McGuffie thinks that more brown bears in the area are pushing the animals closer to town, which bears have mostly learned to steer clear of. Humans, in the estimation of a musk ox, seem to be a safer bet than bears. But they don’t feel the same way about dogs.

“My boss’s dog was actually kind of gored by the horns of the musk ox. And so one of—one of his dogs passed,” McGuffie said of an incident that happened the first week of June. Since then there have been plenty of stories about musk ox going after dogs.

“They do hate dogs because they’re hardwired for wolves, to protect their young or what-not,” Erickson said, offering a common explanations from around town for why the otherwise sedate musk ox go so crazy around pets.

But I needed to find out more about the musk ox—about their attitudes and ways. So I went to the man I knew would have answers, an expert on how they think, and why.

“Well, musk ox are incredibly patient with people,” explained Tony Gorn, Department of Fish and Game’s biologist in the area around Nome, and as such, a de facto expert on the relatively abundant musk ox herds inhabiting the Seward Peninsula.

Gorn said that although there are definitely more musk ox around town lately, that doesn’t mean there are necessarily more overall.

“Well, when we look at the Seward Peninsula musk ox population in its totality, the population is actually declining pretty rapidly. It’s declining 13% annually. What’s really changed in the last several years is the distribution of the local musk ox groups.”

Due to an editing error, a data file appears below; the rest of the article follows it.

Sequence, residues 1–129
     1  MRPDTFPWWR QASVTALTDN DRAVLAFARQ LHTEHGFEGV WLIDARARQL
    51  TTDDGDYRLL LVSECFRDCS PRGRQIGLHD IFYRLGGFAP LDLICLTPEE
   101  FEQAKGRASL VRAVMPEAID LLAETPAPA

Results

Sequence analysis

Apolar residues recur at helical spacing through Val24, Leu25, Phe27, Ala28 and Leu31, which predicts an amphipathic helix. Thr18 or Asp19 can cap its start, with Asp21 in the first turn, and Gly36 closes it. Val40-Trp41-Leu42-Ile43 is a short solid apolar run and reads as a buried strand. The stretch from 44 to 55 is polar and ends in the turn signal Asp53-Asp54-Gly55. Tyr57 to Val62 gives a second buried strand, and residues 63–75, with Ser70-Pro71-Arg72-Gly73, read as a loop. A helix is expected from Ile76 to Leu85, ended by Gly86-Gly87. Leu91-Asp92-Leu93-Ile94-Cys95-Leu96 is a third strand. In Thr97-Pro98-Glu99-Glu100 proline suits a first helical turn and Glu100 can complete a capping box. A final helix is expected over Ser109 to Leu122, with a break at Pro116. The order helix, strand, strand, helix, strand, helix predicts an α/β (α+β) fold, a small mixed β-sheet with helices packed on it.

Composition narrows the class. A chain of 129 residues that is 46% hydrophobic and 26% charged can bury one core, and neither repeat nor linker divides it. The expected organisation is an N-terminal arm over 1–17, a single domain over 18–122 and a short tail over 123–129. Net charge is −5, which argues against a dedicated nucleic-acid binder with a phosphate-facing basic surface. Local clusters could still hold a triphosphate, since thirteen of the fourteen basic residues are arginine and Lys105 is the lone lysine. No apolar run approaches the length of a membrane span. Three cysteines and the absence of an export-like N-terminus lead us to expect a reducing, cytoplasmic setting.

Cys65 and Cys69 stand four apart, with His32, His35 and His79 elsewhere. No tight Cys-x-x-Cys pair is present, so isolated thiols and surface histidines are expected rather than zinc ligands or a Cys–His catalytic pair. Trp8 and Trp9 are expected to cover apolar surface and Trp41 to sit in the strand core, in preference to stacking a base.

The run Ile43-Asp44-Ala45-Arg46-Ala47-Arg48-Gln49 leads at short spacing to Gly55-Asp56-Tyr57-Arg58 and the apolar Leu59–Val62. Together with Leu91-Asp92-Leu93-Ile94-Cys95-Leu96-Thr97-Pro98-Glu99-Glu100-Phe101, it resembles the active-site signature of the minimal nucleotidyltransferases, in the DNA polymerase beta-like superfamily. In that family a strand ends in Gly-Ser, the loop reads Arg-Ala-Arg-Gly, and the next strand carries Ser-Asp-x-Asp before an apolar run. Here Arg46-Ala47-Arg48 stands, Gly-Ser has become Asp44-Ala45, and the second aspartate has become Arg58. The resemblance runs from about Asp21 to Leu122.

Although Fish and Game hasn’t yet collected the hard data and statistical evidence they rely on to fully understand wildlife events, Gorn thinks the brown bear hypothesis is compelling. Especially after since seeing results from a colleague’s survey on calving.

“At the same time calves were disappearing, that was the same time period that all the musk ox moved into Nome,” Gorn summarized. “So, if you connect those dots it certainly does seem like the local movements towards Nome are really in response to predation.”

As for the dogs, Gorn gets reports every year of incidents—some deadly—but he’s also seen plenty of times when musk ox have behaved more or less indifferently towards barking, excitable dogs. He believes instead of being hardwired to go into attack mode whenever there’s a bark, there may be something else going on with the older bulls.

“The more interactions I see between musk ox and dogs, I just can’t help but wonder if musk ox, when they get older, lose their hearing or their eye-sight.”